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LAST week I stood before a military judge at Guantanamo Bay to argue that the press and public had a constitutional right to observe the proceedings of military commissions. It is an argument I’ve made scores of times on behalf of news organisations objecting to closed proceedings in criminal and civil trials, but this was the first time that a military commission, part of a system of tribunals created in 2006 to try terrorism suspects, agreed to hear such arguments from the press.
Whether this marks a new openness, or is another in a long line of false starts, remains to be seen. But the government has a real opportunity to show its commitment to the rule of law by acknowledging that the public’s First Amendment rights apply at Guantanamo. The values served by open criminal proceedings public acceptance of the verdict, accountability for lawyers and judges, and democratic oversight of our government institutions apply there with particular urgency.
The controversy over public access to the Guantanamo trials has come to a head in the prosecution of Abd al- Rahim al-Nashiri, accused of masterminding the 2000 attack on the Navy destroyer Cole. Nashiri’s lawyers want to meet with him unshackled, asserting that shackling brings back memories of torture and interferes with his ability to assist in preparing his defence. They proposed to call both Nashiri and a psychologist to testify in support of their request.
The government still considers its interrogation techniques ‘classified information.’ Under this logic, Nashiri’s own testimony about his own treatment must be kept secret.
But so much is already known about Nashiri’s interrogation that a secret proceeding on its psychological impact is unwarranted. A report, prepared in 2004 by the inspector general for the Central Intelligence Agency and partly released in 2009, disclosed that Nashiri had been waterboarded twice, threatened with use of a handgun and a power drill, and held in stress positions that could have dislocated his arms from his shoulders. What real threat would justify preventing the public from hearing his first-person account of this interrogation? In May 2010, four journalists were expelled from Guantanamo for reporting the name of the chief interrogator of a terrorism suspect, Omar Khadr even though the interrogator had sought out the press years earlier to tell his story. After an uproar, the Pentagon’s top lawyer, Jeh C Johnson, facilitated the reinstatement of the reporters on their promise that they would abide by rules governing the commissions, and then set out to revise the rules. Under new rules announced in September, reporters may now make their objections to secrecy to the presiding judge in writing. The decision to hear my argument in person by the top judge in the Nashiri case, Colonel James L Pohl, was an important step forward.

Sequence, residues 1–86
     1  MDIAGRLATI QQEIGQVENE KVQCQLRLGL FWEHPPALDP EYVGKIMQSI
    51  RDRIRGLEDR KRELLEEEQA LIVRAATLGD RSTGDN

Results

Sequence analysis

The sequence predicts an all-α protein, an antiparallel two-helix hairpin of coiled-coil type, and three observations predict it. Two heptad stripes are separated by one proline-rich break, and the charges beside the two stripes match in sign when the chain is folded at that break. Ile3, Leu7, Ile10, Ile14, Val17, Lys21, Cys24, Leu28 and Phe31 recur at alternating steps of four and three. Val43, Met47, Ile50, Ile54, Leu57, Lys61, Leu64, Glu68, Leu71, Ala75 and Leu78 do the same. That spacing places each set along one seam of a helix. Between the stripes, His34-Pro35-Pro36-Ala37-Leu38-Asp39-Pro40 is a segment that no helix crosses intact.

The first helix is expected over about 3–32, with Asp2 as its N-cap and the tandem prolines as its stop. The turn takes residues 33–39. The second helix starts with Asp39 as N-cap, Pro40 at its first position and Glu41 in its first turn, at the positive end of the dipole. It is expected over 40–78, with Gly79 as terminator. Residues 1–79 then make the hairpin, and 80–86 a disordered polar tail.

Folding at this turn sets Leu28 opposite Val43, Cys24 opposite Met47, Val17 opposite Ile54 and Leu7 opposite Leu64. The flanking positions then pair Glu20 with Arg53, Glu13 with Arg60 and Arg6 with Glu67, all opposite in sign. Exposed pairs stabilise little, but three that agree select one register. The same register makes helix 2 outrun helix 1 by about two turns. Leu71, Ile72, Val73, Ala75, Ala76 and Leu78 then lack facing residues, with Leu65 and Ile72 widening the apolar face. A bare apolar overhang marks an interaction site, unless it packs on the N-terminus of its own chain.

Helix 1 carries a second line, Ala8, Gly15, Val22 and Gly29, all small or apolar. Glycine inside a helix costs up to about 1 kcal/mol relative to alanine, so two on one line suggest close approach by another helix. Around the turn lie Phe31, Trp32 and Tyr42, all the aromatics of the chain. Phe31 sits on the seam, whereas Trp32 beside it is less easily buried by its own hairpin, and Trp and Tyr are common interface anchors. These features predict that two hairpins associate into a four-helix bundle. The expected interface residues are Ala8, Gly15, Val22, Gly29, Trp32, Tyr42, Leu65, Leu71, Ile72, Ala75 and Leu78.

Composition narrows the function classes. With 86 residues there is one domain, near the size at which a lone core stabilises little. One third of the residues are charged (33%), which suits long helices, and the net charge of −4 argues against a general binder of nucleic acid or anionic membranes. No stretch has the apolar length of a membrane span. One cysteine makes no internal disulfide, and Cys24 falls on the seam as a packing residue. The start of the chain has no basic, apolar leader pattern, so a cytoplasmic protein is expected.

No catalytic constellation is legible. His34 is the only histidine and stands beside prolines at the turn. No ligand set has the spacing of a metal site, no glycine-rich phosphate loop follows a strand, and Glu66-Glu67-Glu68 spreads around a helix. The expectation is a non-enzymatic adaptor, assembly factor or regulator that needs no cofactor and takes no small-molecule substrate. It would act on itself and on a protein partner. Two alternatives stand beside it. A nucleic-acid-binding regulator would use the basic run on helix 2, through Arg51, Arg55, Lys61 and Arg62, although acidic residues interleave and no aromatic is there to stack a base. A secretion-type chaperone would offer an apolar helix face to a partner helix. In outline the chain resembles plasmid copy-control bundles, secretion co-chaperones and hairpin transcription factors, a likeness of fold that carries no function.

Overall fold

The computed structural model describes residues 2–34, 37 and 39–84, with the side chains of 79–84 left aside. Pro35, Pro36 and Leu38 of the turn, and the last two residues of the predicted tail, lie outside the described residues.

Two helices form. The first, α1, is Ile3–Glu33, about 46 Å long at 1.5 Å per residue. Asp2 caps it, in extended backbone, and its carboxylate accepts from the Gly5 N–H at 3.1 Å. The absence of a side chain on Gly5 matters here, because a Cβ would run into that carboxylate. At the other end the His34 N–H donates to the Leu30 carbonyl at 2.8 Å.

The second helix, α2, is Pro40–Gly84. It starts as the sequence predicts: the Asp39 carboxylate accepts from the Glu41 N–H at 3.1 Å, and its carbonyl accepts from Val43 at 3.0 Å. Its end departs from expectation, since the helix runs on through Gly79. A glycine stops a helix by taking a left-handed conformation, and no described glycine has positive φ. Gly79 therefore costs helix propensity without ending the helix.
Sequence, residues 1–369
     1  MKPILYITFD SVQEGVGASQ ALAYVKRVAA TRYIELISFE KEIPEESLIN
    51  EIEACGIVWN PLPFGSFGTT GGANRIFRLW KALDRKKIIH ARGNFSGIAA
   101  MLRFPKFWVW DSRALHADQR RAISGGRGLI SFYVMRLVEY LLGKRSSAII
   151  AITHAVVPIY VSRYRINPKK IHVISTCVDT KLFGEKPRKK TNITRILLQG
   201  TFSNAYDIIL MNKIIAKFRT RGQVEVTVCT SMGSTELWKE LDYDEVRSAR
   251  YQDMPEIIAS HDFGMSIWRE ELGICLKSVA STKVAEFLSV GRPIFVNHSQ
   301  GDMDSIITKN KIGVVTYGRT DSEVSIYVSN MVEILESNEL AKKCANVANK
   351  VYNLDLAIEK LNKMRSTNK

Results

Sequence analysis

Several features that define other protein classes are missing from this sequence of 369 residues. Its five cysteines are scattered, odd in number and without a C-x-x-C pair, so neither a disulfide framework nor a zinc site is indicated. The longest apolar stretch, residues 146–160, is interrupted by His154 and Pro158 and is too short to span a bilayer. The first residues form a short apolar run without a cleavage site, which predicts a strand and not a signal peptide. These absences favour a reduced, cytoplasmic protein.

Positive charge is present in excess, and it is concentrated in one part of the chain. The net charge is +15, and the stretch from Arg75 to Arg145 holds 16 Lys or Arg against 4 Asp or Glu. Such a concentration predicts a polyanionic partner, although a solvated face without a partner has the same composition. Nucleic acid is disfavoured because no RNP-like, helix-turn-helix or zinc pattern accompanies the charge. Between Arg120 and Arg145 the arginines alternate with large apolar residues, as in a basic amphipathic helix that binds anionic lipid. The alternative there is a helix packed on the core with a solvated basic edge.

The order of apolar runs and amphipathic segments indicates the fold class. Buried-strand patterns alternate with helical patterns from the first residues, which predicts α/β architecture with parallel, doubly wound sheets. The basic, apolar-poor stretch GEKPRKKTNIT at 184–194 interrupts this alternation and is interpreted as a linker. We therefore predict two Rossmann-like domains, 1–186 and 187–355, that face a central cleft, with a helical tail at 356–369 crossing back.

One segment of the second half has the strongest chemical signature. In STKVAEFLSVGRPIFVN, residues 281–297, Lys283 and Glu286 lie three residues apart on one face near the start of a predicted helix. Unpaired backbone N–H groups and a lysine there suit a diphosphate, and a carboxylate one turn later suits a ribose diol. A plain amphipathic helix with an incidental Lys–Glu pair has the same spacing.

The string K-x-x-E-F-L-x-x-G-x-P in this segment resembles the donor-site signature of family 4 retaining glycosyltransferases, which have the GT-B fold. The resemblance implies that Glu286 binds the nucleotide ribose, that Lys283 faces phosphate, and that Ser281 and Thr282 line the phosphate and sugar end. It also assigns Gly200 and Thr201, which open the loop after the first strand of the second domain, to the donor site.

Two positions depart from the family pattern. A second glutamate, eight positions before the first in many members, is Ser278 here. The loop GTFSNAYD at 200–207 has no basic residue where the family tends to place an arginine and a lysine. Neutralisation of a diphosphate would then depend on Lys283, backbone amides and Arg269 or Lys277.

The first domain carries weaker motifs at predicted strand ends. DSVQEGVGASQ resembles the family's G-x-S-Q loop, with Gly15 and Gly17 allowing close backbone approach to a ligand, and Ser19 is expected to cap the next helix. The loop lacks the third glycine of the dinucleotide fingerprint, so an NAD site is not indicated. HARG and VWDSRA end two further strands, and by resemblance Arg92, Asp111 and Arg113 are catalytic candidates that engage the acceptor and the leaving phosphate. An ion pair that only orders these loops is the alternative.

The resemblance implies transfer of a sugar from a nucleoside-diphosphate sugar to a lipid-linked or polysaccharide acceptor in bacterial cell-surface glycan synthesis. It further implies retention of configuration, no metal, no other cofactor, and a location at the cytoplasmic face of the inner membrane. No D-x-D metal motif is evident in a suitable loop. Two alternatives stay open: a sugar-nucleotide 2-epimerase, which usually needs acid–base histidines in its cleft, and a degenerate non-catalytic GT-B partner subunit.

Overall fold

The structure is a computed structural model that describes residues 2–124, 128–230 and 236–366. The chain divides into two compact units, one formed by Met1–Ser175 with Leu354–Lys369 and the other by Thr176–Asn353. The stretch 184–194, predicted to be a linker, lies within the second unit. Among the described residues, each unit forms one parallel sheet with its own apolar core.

The motion for access, which was filed by 10 news organisations (including The New York Times, a client of mine), argues that the First Amendment obliges that Nashiri’s testimony be taken in an open courtroom.
Under the Constitution, the fact that a specific piece of information might technically be ‘classified’ should not be sufficient to close a hearing if the information is already known to the public (and easily found on the Internet).
On April 11, Pohl granted Nashiri’s motion for unshackled visits without taking testimony, so he sidestepped, for now, a decision on the standard that will govern requests to close proceedings at the Guantanamo trials. But the issue will undoubtedly return, and the military’s commitment to openness will again be tested.
In recent weeks the lead prosecutor for the military commissions, Brigadier General Mark S Martins, has made the case that military tribunals are uniquely suited for the prosecution of a narrow class of terrorism suspects and that the use of these tribunals should be recognised as consistent with commitment to the rule of law. But the world will never accept the Guantanamo verdicts if significant testimony is closed for fear of embarrassment over detainee mistreatment.
The thought of a Guantanamo defendant taking the stand to testify about his treatment, in his own words, may not be appealing for many reasons. But we must be prepared to lay out all the facts, wherever they lead, if we are to demonstrate to the world that the verdicts ultimately rendered at Guantanamo are justifiable, however they turn out.
As Chief Justice Warren E Burger observed in 1980, on the importance of the Constitution’s protection of public access to the courts: ‘People in an open society do not demand infallibility from their institutions, but it is difficult for them to accept what they are prohibited from observing.’